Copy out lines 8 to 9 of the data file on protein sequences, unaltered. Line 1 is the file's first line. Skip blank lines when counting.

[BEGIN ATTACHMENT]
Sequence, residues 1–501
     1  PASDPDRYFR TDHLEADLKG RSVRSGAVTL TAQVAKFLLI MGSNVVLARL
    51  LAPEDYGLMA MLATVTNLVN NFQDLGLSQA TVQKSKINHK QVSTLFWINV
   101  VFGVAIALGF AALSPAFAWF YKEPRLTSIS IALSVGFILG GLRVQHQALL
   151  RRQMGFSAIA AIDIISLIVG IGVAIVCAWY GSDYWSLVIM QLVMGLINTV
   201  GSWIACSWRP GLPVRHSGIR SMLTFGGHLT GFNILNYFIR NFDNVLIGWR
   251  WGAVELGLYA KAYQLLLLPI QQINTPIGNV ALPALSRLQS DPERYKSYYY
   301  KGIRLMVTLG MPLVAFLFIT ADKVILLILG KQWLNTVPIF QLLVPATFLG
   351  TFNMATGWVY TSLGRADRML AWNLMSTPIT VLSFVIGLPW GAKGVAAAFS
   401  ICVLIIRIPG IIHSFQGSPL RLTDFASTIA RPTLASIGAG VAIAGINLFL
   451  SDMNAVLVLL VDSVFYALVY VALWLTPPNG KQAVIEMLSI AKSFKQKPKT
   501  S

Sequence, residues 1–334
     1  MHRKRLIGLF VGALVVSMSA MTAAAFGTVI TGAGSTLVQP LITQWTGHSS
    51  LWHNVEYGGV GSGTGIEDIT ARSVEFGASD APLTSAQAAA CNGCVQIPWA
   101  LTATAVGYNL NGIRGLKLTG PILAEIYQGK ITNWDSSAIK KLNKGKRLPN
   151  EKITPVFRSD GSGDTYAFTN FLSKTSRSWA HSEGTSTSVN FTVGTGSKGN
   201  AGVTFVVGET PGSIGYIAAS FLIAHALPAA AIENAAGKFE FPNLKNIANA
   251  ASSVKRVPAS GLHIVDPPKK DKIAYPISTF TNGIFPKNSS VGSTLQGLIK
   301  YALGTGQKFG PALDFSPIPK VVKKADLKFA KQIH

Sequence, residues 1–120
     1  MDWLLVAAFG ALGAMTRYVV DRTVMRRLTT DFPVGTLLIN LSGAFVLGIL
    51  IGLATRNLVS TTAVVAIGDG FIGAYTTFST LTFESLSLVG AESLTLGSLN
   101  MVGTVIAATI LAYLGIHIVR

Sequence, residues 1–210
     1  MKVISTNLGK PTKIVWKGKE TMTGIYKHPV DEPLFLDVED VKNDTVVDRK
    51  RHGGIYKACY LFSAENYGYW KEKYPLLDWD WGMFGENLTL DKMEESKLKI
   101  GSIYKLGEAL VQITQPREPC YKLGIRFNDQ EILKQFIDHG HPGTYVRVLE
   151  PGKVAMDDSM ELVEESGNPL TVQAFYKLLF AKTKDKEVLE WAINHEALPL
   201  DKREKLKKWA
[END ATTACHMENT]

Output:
   301  KGIRLMVTLG MPLVAFLFIT ADKVILLILG KQWLNTVPIF QLLVPATFLG
   351  TFNMATGWVY TSLGRADRML AWNLMSTPIT VLSFVIGLPW GAKGVAAAFS